The Hong Kong Monetary Authority (HKMA) published a circular on the prudential treatment of crypto-asset exposures, an update on the status of transition to new interest rate benchmarks, the list of domestic systemically important authorized institutions (D-SIBs), and a policy module (IC-7) on sharing of commercial credit data through a commercial credit reference agency.
Below are the key highlights of the aforementioned developments:
- HKMA announced that the list of authorized institutions designated as D-SIBs remains unchanged at five compared to the list of D-SIBs published by HKMA on December 24, 2021, post the annual HKMA assessment. Additionally, compared to the D-SIBs list published on December 24, 2021, there is no change to the Higher Loss Absorbency (HLA) requirements applied to the designated D-SIBs. The banks designated as D-SIBs as of January 01, 2023 are Industrial and Commercial Bank of China (Asia) Limited, Hang Seng Bank Limited, The Hongkong and Shanghai Banking Corporation Limited, Bank of China (Hong Kong) Limited, and Standard Chartered Bank (Hong Kong) Limited.
- HKMA announced its intention to locally implement the recently finalized global standard on the prudential treatment of crypto-asset exposures as per the Basel Committee timetable. The standard is scheduled to be implemented by member jurisdictions by January 01, 2025. HKMA plans to consult the industry on the specific local implementation proposal in due course. HKMA also recommends that the authorized institutions with plans to conduct crypto-asset-related business activities should familiarize themselves with the new standard and consider its implications.
- In an update on the latest developments with respect to the reform of interest rate benchmarks. HKMA notes that the authorized institutions in Hong Kong have made substantial progress in transitioning away from LIBOR to alternative reference rates. The latest survey results show that the number of contracts referencing the remaining USD LIBOR settings requiring renegotiation fell by more than 90%, from a peak of 79,600 contracts (or HKD 15 trillion) at end-September 2020 to 4,100 contracts (or HKD 1 trillion) at end-September 2022. Meanwhile, the number of contracts referencing the alternative reference rates surged from 200 contracts (or HKD 0.2 trillion) at end-September 2020 to 64,000 contracts (or HKD 13 trillion) at end-September 2022. The remaining panel-based USD LIBOR settings will cease publication after end-June 2023 and there are still a number of outstanding contracts that require remediation. HKMA expects authorized institutions to complete the remediation of contracts that reference the remaining LIBOR settings in good time before end-June 2023.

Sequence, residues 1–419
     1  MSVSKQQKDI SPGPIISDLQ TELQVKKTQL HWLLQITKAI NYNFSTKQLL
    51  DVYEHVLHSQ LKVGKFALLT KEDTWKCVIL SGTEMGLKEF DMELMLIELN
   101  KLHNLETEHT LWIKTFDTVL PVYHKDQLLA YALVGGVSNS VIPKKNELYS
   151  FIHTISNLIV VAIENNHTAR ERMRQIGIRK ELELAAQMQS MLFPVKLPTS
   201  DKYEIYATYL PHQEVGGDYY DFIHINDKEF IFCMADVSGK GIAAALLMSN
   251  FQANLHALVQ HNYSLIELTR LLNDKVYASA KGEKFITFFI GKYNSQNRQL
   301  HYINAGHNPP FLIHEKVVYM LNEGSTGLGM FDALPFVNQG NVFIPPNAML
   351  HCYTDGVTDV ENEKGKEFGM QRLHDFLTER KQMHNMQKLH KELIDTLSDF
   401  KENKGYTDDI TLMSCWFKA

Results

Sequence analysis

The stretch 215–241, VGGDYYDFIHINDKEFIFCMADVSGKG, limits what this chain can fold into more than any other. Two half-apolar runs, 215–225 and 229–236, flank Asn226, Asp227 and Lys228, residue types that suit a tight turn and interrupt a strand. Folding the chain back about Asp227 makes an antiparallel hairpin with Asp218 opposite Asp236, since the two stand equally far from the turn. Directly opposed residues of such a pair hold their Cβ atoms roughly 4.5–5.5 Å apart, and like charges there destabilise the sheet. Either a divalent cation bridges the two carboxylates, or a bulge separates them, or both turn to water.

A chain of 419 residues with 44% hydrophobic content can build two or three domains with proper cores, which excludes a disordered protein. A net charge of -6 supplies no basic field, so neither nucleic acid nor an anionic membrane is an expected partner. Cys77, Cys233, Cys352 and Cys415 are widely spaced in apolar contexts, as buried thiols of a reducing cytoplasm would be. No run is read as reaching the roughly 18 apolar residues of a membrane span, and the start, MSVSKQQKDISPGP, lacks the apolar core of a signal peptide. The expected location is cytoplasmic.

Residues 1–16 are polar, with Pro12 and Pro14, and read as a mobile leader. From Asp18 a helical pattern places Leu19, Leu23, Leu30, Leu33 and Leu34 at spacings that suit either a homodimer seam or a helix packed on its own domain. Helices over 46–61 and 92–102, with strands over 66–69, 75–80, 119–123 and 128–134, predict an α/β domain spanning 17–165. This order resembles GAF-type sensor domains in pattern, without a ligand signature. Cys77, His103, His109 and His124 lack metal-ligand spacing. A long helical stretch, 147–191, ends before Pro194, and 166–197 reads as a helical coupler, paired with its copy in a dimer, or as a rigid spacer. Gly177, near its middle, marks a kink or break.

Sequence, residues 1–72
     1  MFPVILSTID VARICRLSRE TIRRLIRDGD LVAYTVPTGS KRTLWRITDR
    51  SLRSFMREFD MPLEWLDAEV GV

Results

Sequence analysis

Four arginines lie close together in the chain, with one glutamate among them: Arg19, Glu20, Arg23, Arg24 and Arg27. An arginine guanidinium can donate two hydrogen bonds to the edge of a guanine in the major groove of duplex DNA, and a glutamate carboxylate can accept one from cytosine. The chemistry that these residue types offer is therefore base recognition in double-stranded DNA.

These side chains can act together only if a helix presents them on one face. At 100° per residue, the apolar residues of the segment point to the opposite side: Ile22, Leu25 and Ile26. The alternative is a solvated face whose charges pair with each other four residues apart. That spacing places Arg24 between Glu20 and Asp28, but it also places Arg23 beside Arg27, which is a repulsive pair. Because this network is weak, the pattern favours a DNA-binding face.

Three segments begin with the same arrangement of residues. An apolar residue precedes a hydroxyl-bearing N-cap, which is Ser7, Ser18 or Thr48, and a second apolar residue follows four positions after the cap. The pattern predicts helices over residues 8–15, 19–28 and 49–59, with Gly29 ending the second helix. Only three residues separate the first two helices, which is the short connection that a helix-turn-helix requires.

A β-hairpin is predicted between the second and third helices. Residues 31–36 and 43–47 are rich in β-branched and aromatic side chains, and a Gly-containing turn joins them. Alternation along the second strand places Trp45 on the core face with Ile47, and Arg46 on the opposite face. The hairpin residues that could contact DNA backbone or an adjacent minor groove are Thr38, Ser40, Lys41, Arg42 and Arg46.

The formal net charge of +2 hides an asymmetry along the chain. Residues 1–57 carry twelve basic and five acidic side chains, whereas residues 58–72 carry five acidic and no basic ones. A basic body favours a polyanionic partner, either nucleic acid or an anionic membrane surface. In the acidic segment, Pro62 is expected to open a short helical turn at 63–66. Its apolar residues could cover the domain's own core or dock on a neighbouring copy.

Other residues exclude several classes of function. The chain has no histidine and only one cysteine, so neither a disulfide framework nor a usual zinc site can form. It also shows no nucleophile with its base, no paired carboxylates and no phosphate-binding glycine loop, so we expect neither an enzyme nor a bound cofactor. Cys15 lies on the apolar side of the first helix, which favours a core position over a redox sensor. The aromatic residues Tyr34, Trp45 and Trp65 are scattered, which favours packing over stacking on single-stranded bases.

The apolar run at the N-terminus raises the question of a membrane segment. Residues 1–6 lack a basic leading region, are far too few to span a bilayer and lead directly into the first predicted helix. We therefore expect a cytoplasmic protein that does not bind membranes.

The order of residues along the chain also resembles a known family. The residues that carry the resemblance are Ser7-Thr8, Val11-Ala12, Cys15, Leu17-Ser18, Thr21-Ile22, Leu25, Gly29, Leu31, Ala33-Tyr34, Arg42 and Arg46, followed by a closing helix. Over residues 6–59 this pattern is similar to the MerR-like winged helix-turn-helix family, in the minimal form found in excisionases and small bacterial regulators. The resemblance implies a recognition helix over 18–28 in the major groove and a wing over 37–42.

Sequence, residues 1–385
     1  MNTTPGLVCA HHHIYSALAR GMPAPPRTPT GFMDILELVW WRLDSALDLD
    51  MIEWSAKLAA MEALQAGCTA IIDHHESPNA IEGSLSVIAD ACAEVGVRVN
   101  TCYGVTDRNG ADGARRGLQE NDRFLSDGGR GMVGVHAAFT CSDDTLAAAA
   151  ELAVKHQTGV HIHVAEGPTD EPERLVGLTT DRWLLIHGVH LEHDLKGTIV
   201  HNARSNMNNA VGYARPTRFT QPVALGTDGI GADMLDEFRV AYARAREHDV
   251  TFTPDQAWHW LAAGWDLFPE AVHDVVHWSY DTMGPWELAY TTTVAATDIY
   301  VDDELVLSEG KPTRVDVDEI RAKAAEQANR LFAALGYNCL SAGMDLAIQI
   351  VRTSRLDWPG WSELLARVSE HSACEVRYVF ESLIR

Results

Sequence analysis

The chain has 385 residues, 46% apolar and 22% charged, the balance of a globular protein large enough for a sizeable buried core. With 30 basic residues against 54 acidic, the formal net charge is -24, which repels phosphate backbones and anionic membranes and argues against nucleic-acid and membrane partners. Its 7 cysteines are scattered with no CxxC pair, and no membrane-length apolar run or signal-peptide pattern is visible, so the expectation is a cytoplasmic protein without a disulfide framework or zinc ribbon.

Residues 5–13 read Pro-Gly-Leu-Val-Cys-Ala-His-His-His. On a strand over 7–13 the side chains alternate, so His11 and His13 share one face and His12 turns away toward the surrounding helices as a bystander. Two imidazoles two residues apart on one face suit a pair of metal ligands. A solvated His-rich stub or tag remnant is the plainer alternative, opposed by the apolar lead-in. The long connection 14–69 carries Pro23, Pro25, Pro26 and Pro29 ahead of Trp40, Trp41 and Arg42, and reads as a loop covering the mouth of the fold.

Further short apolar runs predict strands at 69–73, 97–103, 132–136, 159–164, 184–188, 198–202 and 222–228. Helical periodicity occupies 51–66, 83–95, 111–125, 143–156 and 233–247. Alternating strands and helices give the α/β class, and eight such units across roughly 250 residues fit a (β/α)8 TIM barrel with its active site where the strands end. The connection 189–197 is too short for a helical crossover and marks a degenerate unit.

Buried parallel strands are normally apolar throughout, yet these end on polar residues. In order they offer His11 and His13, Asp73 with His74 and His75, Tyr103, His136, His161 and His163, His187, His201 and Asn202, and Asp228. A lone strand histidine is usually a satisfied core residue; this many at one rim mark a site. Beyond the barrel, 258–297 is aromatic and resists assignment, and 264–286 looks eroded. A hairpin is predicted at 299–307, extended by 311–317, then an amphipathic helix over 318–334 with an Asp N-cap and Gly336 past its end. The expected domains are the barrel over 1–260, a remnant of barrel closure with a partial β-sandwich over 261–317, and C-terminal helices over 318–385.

- The Monetary Authority also published the Supervisory Policy Manual (IC-7) that specifies the minimum standards that authorized institutions should observe in relation to the sharing and use of commercial credit data through a commercial credit reference agency. IC-7 is a statutory guideline issued under the Banking Ordinance and it applies to institutions that are involved in the provision of credit to commercial enterprises, which fall within the definitions of SME Limited Companies and Unlimited Companies. Failure to adhere to the standards and requirements set out in this module may call into question whether the authorized institution continues to satisfy the relevant authorization criterion under the Banking Ordinance.
Keywords: Asia Pacific, Hong Kong, Banking, Basel, Regulatory Capital, Supervisory Policy Manual, Interest Rate Benchmarks, LIBOR, Benchmark Reforms, D SIBs, Crypto Assets, Lending, HKMA
The finalization of the two sustainability disclosure standards—IFRS S1 and IFRS S2—is expected to be a significant step forward in the harmonization of sustainability disclosures worldwide.
Decentralized finance (DeFi) is expected to increase in prominence, finding traction in use cases such as lending, trading, and investing, without the intermediation of traditional financial institutions.
The Basel Committee on Banking Supervision (BCBS) published reports that assessed the overall implementation of the net stable funding ratio (NSFR) and the large exposures rules in the U.S.
At the global level, supervisory efforts are increasingly focused on addressing climate risks via better quality data and innovative use of technologies such as generative artificial intelligence (AI) and blockchain.
The finalization of the IFRS sustainability disclosure standards in late June 2023 has brought to the forefront the themes of the harmonization of sustainability disclosures
The European Banking Authority (EBA) recently issued several regulatory publications impacting the banking sector.
The Basel Committee on Banking Supervision (BCBS) launched a consultation on revisions to the core principles for effective banking supervision, with the comment period ending on October 06, 2023.
The U.S. banking agencies (FDIC, FED, and OCC) recently proposed rules implementing the final Basel III reforms, also known as the Basel III Endgame.
The Financial Stability Board (FSB) recently published the second annual progress report on the July 2021 roadmap to address climate-related financial risks.
The recognition of climate change as a systemic risk to the global economy has further intensified regulatory and supervisory focus on monitoring of the environmental, social, and governance (ESG) risks.